May 28, 2016

2577 ROMANIA (Braşov) - The Făgăraş Citadel

Făgăraş, together with Amlaş, constituted during the Middle Ages a traditional Romanian local-autonomy region in Transylvania, on the Olt River. The castle in Făgăraş, whose construction began in 1310 and continued through successive additions until the middle of the 18th century, was preceded by a wooden fort, surrounded by a moat and wave of land, attested to 12th century. This fort, evidence of local feudal political organization as a voivodat, was destroyed in the middle of the 13th century.

In 15th century the fortress had a quadrilateral enclosure with four towers and bastions at the corners and a barricade type tower outpost on the east side. After the splitting of the Hungarian Feudal Kingdom in 1541, following the defeat of Mohács, Transylvania became an autonomous principality under Ottoman suzerainty. In this framework, the domain and the Făgăraş fortress became the property of hereditary princes of Transylvania.

Michael the Brave, ruler of the Wallachia between 1593 and 1601 and the first unifier of the three Romanian countries (Wallachia, Moldavia and Transylvania) had the title of "herţeg of Făgăraş". In 1599, following the campaign in Transylvania, he comes into possession of the Făgăraş domain and at the end of the year the city and the domain are given to his wife Doamna Stanca, becoming the place to shelter their assets and family. Michael the Brave gave special attention to Făgăraş due to its strategic location.

Since the 17th century, Făgăraş was the residence of the wives of Transylvanian Princes, becoming an imposing medieval center.Gabriel Bethlen (1613-1629) made in the open loggias on massive piles of masonry arches. Simultaneously, in the corners of the castle are built the four bastions an Italian style pillbox (three "with ears" and one in feather shape). In 1617 were raised last two levels of the southwest dungeon, known as the Red Tower, which has five levels.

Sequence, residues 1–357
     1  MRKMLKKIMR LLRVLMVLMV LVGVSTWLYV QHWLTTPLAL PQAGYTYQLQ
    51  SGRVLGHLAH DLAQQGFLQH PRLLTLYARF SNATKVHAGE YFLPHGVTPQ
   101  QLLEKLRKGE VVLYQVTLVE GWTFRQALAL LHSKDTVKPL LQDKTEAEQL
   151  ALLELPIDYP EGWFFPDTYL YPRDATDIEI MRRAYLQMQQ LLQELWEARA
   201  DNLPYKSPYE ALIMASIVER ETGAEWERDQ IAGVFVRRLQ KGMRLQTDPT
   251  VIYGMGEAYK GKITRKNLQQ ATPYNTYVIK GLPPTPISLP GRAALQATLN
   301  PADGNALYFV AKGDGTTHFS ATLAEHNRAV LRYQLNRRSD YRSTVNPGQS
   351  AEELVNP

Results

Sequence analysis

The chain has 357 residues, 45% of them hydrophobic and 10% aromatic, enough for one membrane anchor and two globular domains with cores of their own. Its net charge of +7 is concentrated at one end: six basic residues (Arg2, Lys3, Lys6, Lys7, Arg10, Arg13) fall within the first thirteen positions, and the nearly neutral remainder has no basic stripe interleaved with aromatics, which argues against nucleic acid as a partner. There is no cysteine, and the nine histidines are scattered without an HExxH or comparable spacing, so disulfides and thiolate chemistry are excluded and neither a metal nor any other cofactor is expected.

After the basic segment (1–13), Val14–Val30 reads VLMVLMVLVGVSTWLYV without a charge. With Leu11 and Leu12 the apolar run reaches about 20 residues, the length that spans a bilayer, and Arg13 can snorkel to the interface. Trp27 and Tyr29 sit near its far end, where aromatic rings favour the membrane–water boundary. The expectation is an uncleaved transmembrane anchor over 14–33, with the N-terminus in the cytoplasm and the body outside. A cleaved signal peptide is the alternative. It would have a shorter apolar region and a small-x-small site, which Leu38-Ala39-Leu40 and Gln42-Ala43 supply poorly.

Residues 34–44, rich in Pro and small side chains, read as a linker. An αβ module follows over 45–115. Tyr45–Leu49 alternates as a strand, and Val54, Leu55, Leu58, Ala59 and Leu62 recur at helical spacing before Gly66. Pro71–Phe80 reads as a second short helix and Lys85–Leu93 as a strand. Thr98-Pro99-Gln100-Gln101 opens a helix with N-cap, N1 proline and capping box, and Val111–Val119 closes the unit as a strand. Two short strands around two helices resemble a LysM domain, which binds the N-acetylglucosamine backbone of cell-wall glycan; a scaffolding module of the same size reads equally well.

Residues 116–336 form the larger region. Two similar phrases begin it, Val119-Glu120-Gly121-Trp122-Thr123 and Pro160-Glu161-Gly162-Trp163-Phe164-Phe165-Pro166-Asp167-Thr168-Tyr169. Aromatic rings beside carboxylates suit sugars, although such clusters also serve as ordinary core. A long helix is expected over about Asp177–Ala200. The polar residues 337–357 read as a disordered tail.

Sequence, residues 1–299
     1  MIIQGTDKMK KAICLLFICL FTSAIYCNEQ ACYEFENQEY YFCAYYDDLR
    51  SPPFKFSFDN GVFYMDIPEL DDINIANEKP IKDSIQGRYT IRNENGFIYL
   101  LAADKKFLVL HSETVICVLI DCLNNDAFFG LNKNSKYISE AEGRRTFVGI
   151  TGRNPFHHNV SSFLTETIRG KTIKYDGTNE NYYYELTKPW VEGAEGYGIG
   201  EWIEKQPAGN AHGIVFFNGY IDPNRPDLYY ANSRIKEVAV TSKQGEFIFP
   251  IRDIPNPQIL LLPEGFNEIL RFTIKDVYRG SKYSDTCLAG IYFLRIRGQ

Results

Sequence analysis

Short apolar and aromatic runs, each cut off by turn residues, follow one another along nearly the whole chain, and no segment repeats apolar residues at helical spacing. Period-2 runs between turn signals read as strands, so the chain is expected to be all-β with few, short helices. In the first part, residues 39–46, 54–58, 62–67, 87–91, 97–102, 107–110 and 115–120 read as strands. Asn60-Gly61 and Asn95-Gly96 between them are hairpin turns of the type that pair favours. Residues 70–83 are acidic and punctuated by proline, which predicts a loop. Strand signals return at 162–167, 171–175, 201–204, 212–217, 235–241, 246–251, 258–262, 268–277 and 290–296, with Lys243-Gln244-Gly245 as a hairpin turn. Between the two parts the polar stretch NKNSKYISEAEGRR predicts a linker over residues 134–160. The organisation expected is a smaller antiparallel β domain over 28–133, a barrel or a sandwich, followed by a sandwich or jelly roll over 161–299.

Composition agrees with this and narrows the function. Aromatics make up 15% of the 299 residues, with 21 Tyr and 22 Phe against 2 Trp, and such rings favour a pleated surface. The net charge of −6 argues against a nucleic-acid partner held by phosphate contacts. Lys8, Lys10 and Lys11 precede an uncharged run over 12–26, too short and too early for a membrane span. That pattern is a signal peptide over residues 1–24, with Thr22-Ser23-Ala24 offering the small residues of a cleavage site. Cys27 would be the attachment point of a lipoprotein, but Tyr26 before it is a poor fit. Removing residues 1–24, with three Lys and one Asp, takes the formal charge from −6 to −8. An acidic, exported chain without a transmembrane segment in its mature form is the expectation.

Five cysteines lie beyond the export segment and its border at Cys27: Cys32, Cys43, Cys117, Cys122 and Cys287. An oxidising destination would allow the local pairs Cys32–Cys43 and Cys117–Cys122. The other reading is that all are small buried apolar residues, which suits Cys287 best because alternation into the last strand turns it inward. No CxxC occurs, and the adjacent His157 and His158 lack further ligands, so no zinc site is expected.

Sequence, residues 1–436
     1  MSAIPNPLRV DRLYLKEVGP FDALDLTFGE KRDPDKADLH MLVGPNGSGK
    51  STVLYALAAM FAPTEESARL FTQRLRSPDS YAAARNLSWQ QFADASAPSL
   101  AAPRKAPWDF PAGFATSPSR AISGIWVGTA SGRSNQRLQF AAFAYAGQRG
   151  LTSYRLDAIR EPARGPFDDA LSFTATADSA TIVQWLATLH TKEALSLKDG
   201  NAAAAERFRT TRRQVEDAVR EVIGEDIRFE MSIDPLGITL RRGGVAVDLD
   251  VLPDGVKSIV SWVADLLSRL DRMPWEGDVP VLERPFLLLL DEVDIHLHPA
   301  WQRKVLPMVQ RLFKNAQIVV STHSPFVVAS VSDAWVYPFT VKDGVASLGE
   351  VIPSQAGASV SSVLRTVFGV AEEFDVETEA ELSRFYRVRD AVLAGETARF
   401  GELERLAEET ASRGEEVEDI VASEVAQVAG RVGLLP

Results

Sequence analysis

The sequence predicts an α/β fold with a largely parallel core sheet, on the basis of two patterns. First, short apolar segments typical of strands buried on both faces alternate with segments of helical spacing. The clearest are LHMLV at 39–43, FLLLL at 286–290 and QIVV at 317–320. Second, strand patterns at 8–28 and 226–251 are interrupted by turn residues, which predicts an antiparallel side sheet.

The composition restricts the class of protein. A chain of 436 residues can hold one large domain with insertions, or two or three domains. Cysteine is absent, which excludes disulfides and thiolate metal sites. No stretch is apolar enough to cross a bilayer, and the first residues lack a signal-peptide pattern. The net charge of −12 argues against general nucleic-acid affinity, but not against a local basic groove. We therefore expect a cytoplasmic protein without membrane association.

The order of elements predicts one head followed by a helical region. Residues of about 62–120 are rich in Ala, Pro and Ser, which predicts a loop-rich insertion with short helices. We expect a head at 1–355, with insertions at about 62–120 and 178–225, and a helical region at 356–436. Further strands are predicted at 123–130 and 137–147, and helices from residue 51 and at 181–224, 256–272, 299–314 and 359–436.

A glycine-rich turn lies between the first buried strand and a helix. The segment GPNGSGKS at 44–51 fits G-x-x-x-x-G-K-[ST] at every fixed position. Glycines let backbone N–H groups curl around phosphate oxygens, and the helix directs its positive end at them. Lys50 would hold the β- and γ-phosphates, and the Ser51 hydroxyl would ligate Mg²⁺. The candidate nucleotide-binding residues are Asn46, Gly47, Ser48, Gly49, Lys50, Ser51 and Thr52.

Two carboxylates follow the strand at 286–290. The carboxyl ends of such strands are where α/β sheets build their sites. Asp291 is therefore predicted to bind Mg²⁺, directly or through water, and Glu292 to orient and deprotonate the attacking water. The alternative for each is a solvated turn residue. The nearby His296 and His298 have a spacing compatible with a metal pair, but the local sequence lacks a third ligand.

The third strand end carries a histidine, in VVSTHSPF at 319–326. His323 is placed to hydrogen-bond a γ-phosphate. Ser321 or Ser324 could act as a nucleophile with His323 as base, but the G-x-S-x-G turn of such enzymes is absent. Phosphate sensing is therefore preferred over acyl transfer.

During George I Rákóczi's rule (1631-1648), the exterior walls were doubled on the south side and north side and the space created was filled with earth, obtaining an 8 feet thick wall. Also, he builds on the northern part of the east side the guards building, and the defensive moat around the castle is widened, made deeper and connected by a secret channel with the river Olt. In these times the domain of Făgăraş becomes one of the largest and richest areas of Transylvania.

Since 1696, after penetration of the Austrian army in Transylvania, Făgăraş became Crown property of the Habsburgs. Since 1699 it became caserne and military prison. Between 1948 and 1960, the citadel has served in prison for opponents of the communist system, becoming one of the Romanian Gulag prisons. In subsequent years (1965-1977) have been made repairs, restoration and conservation works. Currently, the citadel hosts the "Valer Literat" Museum of Făgăraş Land and City Library.

About the stamps
The first stamp is part of the series  Flowers’ Clock I, about which I wrote here.

The last stamp is part of the series Floods - July 2005 (II), issued on August 31, 2005. In this year, hundreds of romanian villages and hamlets were covered by water, and the proceeds from the sale of this philatelic issue were used in the reconstruction of areas affected by flooding. The stamps illustrate drawings by children, selected following a competition organized by the Romanian Post, entitled Journey in the post's world (the second edition).
The Forest Postman, by Bianca Paul (0.30 RON)
On the Way towards You, by Daniel Ciornei (0.40 RON) - It's on the postcard 2577
Messenger of Peace, by Stefan Ghiliman (0.60 RON)
Good News for All, by Adina Elena Mocanu (1.00 RON)

Făgăraş Citadel - Welcome to Romania

Sender: Mihnea Răducu
Sent from 1 Mai (Bihor / Romania), on 23.05.2016

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